Lines 126-127: It would be good to include some references for the plankton nets.
Line 131: “placed at 1/3 of the diameter of the net inlet”. Are you sure you do not mean “at 1/3 of the distance from the edge of the net towards its centre”? Please check and reformulate if necessary.
Line 138: Better with “ … a list of samples collected at station P1”?
Line 144: Better with “ … , from the ship of …”? Is the word “aboard” needed?
Lines 145-146: “The site of biological material collection was ..” I suggest changing to : “The location for collection of plankton samples …”
Line 146: I am not sure what Mm signifies. Is there an alternative way of giving the distance that is easier to understand – for instance in kilometres?
Line 148: “.. along the water column …”. How about “ throughout the water column”?
Line 151: “ … list of material at P2 station”. Would it be better with “ … list of samples collected at station P2”?
Line 154: Same comment as for line 131.
Line 156: Which developmental stages were identified, the copepodite stages and nauplii? A little more information should be given about this.
Figure 1: Some bottom-contours in the map would be informative for the readers.
The samples collected from both stations P1 and P2 are vertically stratified. My understanding here is based on the text as well as for instance the file “Data_S4.xlsx”. For both stations, concentrations of copepods are reported in the Results. Which depth-strata do these reported concentrations represent in those cases when no specific depth-stratum is mentioned? The whole water-column? If the results represent the entire water-column – how were the data for the different vertical layers combined? The depth layers are not always equally “wide” at station P2 (at least on some sampling occasions) – was this accounted for in the calculations? This is important information and should be given in a clear way in the Materials and methods – and in the Results (including the figure-legends) it should be specified which depth-stratum that the concentrations represent. I was not able to understand completely how the calculations were made by looking in the data-files – so this should be explained in the text of the Mat&Mat.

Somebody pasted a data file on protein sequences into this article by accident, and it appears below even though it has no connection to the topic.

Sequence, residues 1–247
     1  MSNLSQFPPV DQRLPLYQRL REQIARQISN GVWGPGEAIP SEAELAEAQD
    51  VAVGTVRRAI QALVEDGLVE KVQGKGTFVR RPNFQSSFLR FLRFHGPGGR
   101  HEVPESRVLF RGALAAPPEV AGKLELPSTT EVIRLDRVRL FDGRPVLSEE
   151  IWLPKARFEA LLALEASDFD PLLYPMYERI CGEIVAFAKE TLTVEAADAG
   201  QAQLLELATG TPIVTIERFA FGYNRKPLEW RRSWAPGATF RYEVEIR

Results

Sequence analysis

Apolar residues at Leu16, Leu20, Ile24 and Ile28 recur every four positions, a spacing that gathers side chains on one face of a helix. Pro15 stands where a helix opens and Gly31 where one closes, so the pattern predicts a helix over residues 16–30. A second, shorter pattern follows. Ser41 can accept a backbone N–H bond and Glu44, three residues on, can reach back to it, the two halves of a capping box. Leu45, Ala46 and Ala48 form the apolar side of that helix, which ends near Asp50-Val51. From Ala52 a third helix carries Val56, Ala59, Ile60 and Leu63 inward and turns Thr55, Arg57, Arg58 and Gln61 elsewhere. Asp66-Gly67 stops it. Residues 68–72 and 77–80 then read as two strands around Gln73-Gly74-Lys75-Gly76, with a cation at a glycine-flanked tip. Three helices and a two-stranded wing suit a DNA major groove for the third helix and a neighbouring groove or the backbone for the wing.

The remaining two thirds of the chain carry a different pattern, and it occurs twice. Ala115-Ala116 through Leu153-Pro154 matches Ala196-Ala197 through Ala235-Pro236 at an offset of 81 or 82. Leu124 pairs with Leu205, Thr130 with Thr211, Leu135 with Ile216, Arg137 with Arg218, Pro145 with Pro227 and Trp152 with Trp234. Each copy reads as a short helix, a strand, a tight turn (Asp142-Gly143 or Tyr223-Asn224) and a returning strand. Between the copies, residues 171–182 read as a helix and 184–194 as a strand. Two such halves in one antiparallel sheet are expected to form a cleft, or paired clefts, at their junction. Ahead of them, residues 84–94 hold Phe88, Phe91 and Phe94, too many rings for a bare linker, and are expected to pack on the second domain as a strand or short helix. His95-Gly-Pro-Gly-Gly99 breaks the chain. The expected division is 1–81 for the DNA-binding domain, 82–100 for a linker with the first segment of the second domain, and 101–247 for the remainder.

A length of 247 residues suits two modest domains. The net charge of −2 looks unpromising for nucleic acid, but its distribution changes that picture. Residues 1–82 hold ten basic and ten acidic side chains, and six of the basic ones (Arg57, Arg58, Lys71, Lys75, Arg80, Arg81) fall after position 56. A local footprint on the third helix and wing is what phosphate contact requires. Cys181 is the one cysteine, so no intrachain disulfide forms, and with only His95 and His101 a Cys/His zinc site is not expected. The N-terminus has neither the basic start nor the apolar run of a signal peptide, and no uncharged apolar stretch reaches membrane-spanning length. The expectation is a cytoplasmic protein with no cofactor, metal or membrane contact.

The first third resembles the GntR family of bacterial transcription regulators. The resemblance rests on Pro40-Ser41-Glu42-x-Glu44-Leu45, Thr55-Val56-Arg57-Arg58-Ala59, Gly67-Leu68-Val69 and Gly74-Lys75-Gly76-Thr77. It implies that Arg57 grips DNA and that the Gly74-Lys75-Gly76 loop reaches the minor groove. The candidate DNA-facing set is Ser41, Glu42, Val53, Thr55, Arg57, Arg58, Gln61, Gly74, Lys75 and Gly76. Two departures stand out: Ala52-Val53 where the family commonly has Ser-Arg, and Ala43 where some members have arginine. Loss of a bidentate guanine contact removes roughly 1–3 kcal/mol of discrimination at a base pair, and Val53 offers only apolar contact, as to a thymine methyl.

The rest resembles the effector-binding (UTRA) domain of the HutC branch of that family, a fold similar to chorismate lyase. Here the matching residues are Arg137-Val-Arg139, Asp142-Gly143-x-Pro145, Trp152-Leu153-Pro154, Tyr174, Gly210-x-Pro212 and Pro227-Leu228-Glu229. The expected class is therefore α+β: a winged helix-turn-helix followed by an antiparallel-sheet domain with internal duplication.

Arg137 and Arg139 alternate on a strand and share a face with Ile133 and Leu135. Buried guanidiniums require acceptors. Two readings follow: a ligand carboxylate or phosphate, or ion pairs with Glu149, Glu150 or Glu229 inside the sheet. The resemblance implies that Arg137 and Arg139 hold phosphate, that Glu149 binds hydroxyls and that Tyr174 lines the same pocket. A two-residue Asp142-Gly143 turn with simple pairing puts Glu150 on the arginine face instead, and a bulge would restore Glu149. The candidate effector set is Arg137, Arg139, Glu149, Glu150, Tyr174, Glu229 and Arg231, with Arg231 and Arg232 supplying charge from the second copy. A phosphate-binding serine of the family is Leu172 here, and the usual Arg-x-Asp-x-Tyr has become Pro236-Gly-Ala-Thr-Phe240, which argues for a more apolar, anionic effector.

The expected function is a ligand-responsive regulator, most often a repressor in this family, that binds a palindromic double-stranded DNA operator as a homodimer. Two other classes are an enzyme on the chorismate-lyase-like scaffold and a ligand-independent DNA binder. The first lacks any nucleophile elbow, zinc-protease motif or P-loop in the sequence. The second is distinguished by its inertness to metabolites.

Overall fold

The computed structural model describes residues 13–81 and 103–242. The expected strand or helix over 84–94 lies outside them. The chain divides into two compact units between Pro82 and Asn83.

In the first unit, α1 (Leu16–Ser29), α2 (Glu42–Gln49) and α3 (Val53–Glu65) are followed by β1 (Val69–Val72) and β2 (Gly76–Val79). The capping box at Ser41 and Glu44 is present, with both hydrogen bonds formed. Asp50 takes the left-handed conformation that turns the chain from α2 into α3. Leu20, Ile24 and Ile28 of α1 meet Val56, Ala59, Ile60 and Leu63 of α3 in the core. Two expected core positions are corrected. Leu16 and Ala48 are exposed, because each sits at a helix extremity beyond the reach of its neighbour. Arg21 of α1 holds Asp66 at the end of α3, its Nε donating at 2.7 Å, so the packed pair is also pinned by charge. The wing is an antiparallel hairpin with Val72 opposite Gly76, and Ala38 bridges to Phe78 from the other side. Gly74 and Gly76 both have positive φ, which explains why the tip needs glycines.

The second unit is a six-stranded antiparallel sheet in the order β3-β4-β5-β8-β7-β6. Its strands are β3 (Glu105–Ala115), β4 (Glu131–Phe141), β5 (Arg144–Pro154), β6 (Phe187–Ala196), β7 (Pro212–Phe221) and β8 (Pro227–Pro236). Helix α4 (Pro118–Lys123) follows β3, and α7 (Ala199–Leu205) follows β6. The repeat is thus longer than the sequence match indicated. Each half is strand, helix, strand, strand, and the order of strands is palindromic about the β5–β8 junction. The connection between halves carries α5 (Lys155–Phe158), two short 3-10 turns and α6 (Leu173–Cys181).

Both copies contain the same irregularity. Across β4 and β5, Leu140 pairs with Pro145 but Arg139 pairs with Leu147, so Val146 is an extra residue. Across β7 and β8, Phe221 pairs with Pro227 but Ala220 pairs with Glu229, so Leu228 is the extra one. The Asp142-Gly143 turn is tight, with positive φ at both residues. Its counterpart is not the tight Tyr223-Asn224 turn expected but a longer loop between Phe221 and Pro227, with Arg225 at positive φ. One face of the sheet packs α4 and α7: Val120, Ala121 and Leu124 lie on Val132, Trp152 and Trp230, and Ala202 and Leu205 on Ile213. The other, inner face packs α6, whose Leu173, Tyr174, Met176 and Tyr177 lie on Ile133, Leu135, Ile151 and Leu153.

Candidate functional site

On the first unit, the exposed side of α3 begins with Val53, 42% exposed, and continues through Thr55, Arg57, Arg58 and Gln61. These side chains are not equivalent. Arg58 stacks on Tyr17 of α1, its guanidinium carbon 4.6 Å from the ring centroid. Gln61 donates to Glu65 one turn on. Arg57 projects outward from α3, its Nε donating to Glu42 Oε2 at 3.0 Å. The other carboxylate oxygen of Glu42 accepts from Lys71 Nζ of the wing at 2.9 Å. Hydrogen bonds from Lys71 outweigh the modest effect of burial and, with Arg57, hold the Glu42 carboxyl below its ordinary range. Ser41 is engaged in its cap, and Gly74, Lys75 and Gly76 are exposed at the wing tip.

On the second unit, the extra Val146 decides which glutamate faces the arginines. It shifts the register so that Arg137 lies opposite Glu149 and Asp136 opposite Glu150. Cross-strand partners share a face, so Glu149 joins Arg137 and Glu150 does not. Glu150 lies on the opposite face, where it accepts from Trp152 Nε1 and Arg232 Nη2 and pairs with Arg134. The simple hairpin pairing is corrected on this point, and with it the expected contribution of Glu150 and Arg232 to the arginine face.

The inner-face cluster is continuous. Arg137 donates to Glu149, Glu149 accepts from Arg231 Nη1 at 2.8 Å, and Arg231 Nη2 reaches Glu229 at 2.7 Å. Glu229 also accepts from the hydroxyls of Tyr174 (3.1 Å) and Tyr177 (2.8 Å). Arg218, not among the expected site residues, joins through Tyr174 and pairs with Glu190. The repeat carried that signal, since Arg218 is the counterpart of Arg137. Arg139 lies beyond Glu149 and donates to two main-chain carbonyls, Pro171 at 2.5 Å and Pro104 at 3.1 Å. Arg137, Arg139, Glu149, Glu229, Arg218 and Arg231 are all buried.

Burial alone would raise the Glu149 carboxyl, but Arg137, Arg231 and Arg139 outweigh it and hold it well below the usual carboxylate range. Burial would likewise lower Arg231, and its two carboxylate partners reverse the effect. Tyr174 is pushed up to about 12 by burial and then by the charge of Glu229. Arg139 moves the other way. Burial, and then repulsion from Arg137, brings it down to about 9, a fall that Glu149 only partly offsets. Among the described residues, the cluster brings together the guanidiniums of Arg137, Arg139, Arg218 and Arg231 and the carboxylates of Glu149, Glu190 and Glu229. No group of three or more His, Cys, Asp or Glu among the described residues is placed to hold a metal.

In the Results, salinity and temperature data are used to describe the environmental conditions at the time and location of plankton-sampling. The description of the collection of the salinity and temperature data should be given in the Materials and Methods – not the Results. I also think that the description of the CTD-probe(s) and how it/they was/were used should be a little more precise than what is presently given in the Results chapter.

The text should be checked thoroughly, and improved wherever possible.
Instead of listing so many numbers, I think it would be good to focus more on the main patterns and messages. In many cases it should be enough to refer to the figures for the details. That would probably make the chapter more readable.

Environmental conditions:
The description of the measurements should be moved to Materials and Methods, and only the results shown in the present chapter.
Line 186-187: Which increase is this? Please clarify.
Line 198: Which cases do “the differences in both cases” refer to? This is a bit confusing – please clarify.
Lines 199-200: “the temperature began to level off and uniformely fluctuated”. This is a bit hard to follow- can it be described in a way that is easier to understand?

Copepod abundance:
Please refer to the figures – that would ease the interpretation when reading the text.